It seems like over the past several years, every cashier in the world has decided — or has been told by their bosses — to hand customers their change by first placing the paper bills in the customer’s hand, then placing the coins on top of the paper bills.
Inevitably, each customer is then required to fumble around with this little money stack, using both hands, in order to (a) get a grip on the coins (which are essentially sliding around on top of the papers) and (b) to remove the paper money and put it back in your wallet without spilling the coins. With the old coins-on-the-bottom method, the paper is right there for grabbing and putting in your wallet while the coins are sitting right there in your palm, touching your skin.
To me, it’s glaringly obvious that the coins-on-the-bottom method is preferable, but I am reminded of the classic toilet paper debate (roll over from the top versus roll under from below) in which both sides think they are absolutely right. I’m an over-the-top person myself, but I won’t debate it because ultimately I think there are some usability issues that boil down to some kind of “taste” in user experience. (Besides, some of my favorite people in the world are under-the-bottom people. I figure if you change the roll at all, you have the right to decide!)
(This is a great topic for a future usability discussion: if a huge number, even a majority, of users prefer a interface that is empirically and demonstrably, but ultimately trivially, less efficient than another interface design, is it okay to go with the user-preferred, less-efficient design?)
The question that I wanted to answer, then is this: Is the coins-on-top trend a usability-taste thing, not attributable to any particular rational decision? Or is something else happening here, something deliberate?
How it used to be
I remember not too many years ago when a great number of cashiers would actually count the change back to you as they placed it in your hands. For example, if you bought an item costing $2.59, and handed the cashier a ten-dollar bill, you would receive your $7.41 in change with a little friendly and helpful explanation: When you hand your money to the cashier, she says “Out of ten”, assuring you that she looked at what kind of bill you handed her. Then as the cashier drops the coins in your hand, she says “Here’s three…” or “Forty-one cents makes three…; when she places the two one-dollar bills in your hand, she counts them out, “Four, five”; and finally placing the five-dollar bill in your hand she says “and five makes ten!”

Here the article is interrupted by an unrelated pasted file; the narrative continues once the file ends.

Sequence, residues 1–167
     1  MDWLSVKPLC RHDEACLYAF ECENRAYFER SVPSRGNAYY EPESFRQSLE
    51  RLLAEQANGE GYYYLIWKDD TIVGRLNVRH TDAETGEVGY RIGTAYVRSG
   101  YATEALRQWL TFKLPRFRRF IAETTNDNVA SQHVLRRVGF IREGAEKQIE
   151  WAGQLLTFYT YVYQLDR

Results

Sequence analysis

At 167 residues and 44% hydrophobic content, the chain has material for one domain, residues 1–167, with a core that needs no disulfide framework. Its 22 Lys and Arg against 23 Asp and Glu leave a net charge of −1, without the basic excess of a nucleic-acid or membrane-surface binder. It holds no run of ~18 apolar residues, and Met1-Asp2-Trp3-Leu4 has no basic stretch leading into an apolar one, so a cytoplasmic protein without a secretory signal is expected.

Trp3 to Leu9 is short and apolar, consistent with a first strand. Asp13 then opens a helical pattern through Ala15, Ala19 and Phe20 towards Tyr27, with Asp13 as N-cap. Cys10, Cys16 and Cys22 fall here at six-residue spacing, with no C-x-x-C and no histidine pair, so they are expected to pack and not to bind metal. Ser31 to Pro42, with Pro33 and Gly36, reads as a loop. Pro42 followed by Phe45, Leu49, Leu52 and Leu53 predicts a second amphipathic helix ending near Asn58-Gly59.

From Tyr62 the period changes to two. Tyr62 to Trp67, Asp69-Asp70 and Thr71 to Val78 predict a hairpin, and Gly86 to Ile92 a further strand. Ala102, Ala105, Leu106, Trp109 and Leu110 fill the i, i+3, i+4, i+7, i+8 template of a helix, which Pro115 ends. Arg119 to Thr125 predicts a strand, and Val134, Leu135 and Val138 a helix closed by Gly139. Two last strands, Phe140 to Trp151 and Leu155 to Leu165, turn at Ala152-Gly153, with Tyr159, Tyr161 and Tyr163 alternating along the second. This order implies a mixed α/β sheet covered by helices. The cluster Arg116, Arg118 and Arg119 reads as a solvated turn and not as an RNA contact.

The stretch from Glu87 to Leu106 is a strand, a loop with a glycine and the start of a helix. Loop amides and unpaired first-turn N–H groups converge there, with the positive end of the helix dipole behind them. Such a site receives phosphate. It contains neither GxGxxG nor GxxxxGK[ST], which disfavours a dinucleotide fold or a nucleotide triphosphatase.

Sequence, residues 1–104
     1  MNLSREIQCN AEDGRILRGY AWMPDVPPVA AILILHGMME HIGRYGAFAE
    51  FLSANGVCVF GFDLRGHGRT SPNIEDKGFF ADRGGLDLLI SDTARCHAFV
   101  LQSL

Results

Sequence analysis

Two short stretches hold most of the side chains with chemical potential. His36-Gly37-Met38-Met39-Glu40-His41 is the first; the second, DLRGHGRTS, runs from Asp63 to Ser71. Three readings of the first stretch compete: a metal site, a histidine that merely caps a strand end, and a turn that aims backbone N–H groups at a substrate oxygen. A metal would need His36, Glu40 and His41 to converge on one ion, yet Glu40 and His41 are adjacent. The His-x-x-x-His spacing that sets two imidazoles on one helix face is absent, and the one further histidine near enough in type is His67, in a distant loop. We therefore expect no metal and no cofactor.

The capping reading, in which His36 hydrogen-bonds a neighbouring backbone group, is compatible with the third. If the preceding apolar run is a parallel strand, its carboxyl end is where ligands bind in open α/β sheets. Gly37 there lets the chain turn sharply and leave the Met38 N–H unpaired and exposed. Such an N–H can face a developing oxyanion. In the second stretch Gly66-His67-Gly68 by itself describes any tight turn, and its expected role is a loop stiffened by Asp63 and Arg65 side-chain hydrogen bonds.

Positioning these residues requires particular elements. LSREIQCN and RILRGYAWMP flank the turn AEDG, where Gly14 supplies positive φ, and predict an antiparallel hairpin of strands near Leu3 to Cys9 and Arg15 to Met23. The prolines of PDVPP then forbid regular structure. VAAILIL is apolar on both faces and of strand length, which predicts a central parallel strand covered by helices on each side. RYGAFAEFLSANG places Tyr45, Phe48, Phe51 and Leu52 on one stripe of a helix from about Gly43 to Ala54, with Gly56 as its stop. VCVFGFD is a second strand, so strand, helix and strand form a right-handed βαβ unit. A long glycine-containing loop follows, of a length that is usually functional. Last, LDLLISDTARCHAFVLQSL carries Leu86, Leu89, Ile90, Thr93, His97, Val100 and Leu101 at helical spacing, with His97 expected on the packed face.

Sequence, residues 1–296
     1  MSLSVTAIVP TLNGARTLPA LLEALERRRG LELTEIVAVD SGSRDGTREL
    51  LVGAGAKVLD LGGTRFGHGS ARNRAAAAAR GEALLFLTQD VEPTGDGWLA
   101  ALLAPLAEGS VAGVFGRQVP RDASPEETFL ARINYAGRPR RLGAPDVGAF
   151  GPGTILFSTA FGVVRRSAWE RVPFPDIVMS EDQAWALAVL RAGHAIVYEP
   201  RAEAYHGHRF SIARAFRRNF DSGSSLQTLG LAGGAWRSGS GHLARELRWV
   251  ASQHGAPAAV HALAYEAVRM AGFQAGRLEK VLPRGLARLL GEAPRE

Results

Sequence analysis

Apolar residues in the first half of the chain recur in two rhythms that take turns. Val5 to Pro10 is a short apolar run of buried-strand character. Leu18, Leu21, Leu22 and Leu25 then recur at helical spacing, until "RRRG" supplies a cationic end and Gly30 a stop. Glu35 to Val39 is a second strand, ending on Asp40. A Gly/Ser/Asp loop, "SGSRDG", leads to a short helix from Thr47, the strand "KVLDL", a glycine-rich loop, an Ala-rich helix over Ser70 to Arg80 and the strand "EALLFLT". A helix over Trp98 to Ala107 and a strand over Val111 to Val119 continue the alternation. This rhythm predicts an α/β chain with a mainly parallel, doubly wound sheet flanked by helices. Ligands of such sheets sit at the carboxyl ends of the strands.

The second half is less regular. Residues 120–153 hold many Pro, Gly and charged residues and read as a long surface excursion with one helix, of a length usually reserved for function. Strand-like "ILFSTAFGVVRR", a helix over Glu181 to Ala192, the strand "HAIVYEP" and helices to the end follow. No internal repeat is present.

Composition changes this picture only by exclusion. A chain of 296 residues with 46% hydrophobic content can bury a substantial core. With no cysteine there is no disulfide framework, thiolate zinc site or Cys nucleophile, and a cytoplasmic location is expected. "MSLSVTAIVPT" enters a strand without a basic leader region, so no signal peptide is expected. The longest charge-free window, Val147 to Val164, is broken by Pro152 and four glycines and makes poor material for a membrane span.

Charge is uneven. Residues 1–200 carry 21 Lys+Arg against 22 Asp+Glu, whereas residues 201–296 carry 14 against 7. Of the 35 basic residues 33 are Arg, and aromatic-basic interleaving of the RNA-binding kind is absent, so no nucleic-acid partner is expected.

After this routine, both you and the cashier are crystal clear about what happened. Your coins are firmly in the pocket of your palm, and the bills are ready to be gripped and shoved back into your wallet.
Why did they switch?
I have several theories as to why cashiers switched to the coins-on-top method. Another question is whether this switch was actually done deliberately (that is, that over the last few years, most retailers made a conscious decision to tell their staff to do it this way) because of recent research or insights within the retail industry, or if it’s the result of natural behavioral evolution in American society, or both. I suspect it’s a little of both.
My actual theories fall into two areas: customer-driven, in which the decision is the result of a perceived understanding of customer preferences and behavior, and store-driven, in which the decision was either made by the store’s managers based on making the business more efficient or by the cashiers themselves to make their job easier. Note that I don’t think many of these theories are valid, but I suspect that someone in the retail industry does.
- Customers like to see all of their money in a way that clearly shows the total amount at a glance. With the coins under the paper, they cannot visually count their change.
- When dropping coins in a customer’s hand, there is a risk that the coins will fall through the customer’s fingers, especially if the cashier is absent-minded and careless (see below). Customers complain a lot when this happens.
- In today’s increasingly anonymous society, people hate to be touched by other human beings or strangers. When a cashier places coins in a customer’s hand, it can involve some skin-to-skin contact. The customer may feel uncomfortable. It’s sad, I know.
- It’s natural for a cashier to think of the change in this sequence because that’s how money is written: Dollars first, then cents. $7.41 is (1) seven dollars in bills and (2) forty-one cents in coins.
- Contemporary cash registers may even have some kind of feature where they inform the cashiers what change to give, and this information may sequentially place the bills first, coins second.
- Cashiers (and indeed all Americans) are increasingly incompetant at math, and they tend to be younger, more apathetic, and less attentive than ever, so counting out the money in the old style is demanding way too much attention and skill.
- Cashiers need to move quickly, so any method that involves additional interaction with the customer is a waste of time. As long as the customer has the change in their hand, the cashier’s job is done as far as the store is concerned.
To me, almost none of these reasons justify the added burdens the coins-on-top method puts on customers. Could there be another reason I’m not thinking of? Does anyone actually prefer the coins-on-top method?